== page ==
Thursday, January 16, 2014

An Infographic That Illustrates The Anti's Endgame In California

The CalGuns Foundation has released the infographic below that show the end result of the Handgun Roster and the microstamping requirement in California. The end result is no handguns available which would please the gun prohibitionists no end. Moreover, they will say they didn't outlaw these guns but merely demanded that they be safe. It is the "fault" they will say of a firearms industry that didn't care about either their customer's safety or of being able to "assist" police supposedly solve crimes through microstamps.

CalGuns has put together an abbreviated history of the Handgun Roster as well as the microstamping requirement. For even more info on the Roster, go here.
1/1/2001: CA laws (SB 15 – 2000) creating a Roster of “not unsafe” handguns certified for sale are enforced.

1/1/2006: CA law (SB 489 – 2003) requiring loaded chamber indicator or magazine disconnect for all new semi-automatic centerfire handguns added to Roster is enforced; CA law (SB 489 – 2003) requiring magazine disconnect for all new rimfire semi-handguns added to Roster enforced.

1/1/2007: CA law (SB 489 – 2003) requiring both loaded chamber indicator and magazine disconnect for all new semi-automatic centerfire handguns added to Roster enforced.

4/30/2009: During a short period of time in which the United States Constitution’s Second Amendment applied to states and local governments within the federal Ninth Circuit through a case called Nordyke v. King, The Calguns Foundation and 5 other plaintiffs — including the Second Amendment Foundation — filed a federal civil rights lawsuit called Peña v. Cid (now Peña v. Lindley) against the California Department of Justice that challenged the constitutionality of the state’s “Handgun Roster” laws. The Peña case, helmed by civil rights attorneys Alan Gura, Donald Kilmer, and Jason Davis, was argued at the trial court on December 17, 2013, on cross motions for summary judgment and is currently pending decision.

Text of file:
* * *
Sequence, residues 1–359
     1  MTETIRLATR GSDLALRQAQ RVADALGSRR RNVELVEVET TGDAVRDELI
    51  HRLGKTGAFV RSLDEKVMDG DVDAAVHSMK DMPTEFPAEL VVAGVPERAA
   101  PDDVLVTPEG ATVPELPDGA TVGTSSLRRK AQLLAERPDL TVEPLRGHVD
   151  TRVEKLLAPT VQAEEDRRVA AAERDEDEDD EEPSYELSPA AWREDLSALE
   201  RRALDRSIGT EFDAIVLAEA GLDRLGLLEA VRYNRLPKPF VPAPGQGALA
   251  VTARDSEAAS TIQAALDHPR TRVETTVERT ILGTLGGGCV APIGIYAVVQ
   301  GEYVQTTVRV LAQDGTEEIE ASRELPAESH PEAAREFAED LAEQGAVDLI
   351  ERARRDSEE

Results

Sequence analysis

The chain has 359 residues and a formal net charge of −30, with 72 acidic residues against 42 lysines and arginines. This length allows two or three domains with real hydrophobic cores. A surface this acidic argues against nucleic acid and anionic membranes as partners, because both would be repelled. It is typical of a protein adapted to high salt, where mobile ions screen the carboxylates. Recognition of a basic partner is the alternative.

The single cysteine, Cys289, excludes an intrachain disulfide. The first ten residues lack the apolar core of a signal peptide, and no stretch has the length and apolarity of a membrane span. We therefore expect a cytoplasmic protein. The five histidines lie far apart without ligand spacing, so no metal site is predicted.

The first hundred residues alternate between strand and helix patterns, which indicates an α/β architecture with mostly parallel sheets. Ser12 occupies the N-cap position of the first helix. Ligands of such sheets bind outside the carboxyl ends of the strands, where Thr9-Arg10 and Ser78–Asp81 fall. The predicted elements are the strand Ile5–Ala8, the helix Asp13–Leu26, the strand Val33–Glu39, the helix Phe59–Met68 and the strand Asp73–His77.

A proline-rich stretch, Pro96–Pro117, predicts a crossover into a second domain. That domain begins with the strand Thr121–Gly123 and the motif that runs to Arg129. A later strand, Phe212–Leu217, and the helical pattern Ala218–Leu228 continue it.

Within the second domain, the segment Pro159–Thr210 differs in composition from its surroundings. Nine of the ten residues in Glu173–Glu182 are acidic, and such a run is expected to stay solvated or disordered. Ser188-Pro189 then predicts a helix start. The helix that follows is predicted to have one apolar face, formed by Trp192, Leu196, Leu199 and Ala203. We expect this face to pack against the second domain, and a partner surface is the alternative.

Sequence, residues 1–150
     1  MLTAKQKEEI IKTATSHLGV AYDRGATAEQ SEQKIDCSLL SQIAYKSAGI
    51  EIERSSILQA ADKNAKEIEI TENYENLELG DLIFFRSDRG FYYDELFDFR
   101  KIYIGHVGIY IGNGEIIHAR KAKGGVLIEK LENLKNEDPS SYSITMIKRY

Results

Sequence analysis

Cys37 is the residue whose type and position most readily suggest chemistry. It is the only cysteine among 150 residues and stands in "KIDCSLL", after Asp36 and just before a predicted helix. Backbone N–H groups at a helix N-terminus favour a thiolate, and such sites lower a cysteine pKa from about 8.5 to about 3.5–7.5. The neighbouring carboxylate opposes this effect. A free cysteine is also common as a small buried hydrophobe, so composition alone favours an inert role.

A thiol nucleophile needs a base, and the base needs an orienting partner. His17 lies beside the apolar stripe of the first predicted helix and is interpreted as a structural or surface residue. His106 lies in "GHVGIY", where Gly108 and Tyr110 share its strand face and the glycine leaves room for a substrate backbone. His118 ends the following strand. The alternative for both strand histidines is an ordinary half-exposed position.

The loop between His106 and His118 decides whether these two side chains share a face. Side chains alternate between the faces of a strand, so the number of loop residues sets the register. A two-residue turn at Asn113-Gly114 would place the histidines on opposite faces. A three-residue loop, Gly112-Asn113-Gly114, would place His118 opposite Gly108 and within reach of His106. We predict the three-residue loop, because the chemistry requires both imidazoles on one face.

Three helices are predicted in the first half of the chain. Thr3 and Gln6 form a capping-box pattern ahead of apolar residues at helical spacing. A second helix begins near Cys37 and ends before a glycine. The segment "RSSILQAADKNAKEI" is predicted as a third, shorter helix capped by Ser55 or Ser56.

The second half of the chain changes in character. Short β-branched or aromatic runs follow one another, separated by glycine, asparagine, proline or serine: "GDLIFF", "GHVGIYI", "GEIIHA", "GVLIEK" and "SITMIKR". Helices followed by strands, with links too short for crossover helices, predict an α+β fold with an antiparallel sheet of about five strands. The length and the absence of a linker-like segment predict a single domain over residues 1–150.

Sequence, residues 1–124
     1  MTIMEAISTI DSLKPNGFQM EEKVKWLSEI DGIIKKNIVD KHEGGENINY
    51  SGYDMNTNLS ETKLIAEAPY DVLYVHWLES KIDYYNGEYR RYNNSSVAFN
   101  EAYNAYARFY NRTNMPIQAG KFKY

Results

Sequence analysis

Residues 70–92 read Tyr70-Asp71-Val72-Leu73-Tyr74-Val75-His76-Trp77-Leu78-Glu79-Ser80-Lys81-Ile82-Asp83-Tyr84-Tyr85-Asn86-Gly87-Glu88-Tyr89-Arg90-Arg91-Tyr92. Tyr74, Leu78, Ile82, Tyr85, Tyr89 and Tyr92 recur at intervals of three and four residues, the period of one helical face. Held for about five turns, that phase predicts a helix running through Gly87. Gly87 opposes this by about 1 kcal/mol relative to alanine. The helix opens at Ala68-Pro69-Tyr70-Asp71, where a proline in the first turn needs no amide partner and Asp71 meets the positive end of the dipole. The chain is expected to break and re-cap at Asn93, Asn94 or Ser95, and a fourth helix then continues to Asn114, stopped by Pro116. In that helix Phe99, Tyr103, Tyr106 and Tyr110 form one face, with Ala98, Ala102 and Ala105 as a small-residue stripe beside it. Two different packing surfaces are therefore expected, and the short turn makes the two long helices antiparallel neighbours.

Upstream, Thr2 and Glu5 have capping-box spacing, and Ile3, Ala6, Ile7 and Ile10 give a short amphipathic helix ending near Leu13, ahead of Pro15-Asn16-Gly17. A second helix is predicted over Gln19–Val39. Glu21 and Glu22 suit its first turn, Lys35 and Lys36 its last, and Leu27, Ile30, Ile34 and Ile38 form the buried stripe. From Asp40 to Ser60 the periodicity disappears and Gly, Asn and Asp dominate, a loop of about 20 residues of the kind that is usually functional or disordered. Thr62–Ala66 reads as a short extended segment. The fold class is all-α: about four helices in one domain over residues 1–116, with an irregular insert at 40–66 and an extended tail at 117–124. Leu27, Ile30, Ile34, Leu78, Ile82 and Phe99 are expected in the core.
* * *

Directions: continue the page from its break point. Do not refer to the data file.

5/17/2013: CA law (AB 1471 – 2008) requiring “microstamping” for all semi-automatic handguns to be added to Roster enforced by CA Attorney General Kamala Harris (CA DOJ).
It also appears that Ruger is sick and tired of kowtowing to the California rules and will let their semi-auto pistols drop off the California Handgun Roster. Given that a significant portion of Ruger's sales growth comes from new introductions and given that new pistols must be microstamped under California law, I frankly don't blame Ruger. I see it as a reasonable business decision on their part.

From C. D. Michel's CalGunLaws.Com:
In perhaps one of the more shocking discoveries at the 2014 SHOT Show, Ruger spokesperson Kevin Reid revealed that Ruger was going to let it’s entire California Semiautomatic pistol roster “…drop off…” the CA Department of Justice Approved Handgun List.

It seems that in Ruger’s slavish dedication to the concept of “continuous improvement”, and that California is milking some $ 200 per pistol per year to stay on the list AND that microstamping is now the rule, Ruger has already let some 60+ semiautomatic pistols drop off the approved handgun roster with the rest shortly to follow. (Note to the legal beagles out there: NSSF Governmental Relations/State Affairs Director Jake McGuigan did announce at an early morning seminar that NSSF had filed suit on or around January 9 regarding the microstamping issue in California.).

How this effects Ruger Sales of revolvers and rifles in the Fool’s Paradise of Kalifornia remains to be seen. While Ruger continues to produce excellent revolvers, California gun owners are notorious for voting with their feet against businesses that desert them when the chips are down. Hopefully this won’t too badly effect the roll-out of the latest GP-100.


  1. This comment has been removed by a blog administrator.

  2. Wishful thinking: It would be nice if Ruger's production would now revert to the Mark II (& original 22/45) series of .22 pistols